Radioactive isotopes power some of NASA’s best-known spacecraft. But predicting how radiation emitted from these isotopes might affect nearby materials is tricky
The inside of future nuclear fusion energy reactors will be among the harshest environments ever produced on Earth. What’s strong enough to protect the inside of a fusion reactor from plasma-produced heat fluxes akin to space shuttles reentering Earth’s atmosphere?
Lithium, the silvery metal that powers smart phones and helps treat bipolar disorders, could also play a significant role in the worldwide effort to harvest on Earth the safe, clean and virtually limitless fusion energy that powers the sun and stars.
From materials science and earth system modeling to quantum information science and cybersecurity, experts in many fields run simulations and conduct experiments to collect the abundance of data necessary for scientific progress.
Temperatures hotter than the center of the sun. Magnetic fields hundreds of thousands of times stronger than the earth’s. Neutrons energetic enough to change the structure of a material entirely.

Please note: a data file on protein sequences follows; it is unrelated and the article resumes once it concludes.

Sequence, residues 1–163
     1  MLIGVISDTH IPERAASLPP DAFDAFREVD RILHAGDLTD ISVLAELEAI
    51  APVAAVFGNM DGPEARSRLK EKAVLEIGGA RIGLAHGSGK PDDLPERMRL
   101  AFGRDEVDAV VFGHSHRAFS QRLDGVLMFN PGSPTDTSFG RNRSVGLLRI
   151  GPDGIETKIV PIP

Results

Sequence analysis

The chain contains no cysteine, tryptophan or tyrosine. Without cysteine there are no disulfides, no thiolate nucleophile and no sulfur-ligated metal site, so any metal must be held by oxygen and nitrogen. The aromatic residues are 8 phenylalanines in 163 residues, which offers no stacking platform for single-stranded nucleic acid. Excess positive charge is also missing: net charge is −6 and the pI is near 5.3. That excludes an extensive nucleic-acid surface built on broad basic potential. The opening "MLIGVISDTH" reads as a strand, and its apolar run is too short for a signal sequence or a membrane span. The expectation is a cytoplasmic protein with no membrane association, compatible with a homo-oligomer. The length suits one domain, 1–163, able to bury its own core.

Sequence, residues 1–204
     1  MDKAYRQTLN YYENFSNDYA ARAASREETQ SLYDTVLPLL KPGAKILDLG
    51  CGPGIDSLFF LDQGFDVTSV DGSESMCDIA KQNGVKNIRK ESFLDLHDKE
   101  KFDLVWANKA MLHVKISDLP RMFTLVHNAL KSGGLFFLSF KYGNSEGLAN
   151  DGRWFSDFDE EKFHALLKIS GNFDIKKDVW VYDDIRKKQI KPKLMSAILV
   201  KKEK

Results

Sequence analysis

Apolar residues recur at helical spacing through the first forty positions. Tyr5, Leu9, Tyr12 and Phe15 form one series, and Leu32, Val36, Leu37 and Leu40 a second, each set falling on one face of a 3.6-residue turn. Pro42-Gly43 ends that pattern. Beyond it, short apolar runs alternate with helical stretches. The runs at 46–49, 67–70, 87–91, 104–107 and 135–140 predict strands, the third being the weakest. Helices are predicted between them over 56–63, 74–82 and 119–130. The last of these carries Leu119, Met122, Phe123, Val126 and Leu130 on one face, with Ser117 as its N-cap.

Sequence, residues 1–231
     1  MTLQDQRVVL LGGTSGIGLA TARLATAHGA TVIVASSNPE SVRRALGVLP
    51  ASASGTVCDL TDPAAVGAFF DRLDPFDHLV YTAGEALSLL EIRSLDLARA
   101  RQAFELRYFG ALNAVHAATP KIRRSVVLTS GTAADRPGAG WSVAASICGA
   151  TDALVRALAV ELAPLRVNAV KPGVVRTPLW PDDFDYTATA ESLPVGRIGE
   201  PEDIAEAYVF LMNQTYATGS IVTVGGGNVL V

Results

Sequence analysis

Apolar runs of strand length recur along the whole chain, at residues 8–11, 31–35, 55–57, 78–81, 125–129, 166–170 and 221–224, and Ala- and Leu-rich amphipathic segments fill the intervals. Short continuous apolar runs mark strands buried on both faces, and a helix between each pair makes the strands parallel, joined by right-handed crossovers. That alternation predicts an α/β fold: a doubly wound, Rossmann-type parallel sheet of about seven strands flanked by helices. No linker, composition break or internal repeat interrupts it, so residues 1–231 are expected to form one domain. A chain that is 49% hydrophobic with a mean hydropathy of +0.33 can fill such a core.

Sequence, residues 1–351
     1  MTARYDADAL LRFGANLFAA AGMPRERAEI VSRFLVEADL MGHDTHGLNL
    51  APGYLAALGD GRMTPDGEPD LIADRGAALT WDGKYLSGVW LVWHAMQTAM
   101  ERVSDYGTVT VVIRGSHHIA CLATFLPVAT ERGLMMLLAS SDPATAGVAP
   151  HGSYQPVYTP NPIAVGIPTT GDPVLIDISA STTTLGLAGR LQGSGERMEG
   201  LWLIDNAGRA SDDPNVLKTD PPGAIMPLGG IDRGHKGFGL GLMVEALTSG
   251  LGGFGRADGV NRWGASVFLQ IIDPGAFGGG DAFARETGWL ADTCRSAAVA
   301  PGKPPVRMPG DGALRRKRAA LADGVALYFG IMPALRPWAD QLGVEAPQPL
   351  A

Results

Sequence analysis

Oak Ridge National Laboratory researchers have discovered a better way to separate actinium-227, a rare isotope essential for an FDA-approved cancer treatment.
The techniques Theodore Biewer and his colleagues are using to measure whether plasma has the right conditions to create fusion have been around awhile.
To better determine the potential energy cost savings among connected homes, researchers at Oak Ridge National Laboratory developed a computer simulation to more accurately compare energy use on similar weather days.
As scientists study approaches to best sustain a fusion reactor, a team led by Oak Ridge National Laboratory investigated injecting shattered argon pellets into a super-hot plasma, when needed, to protect the reactor’s interior wall from high-energy runaway electrons.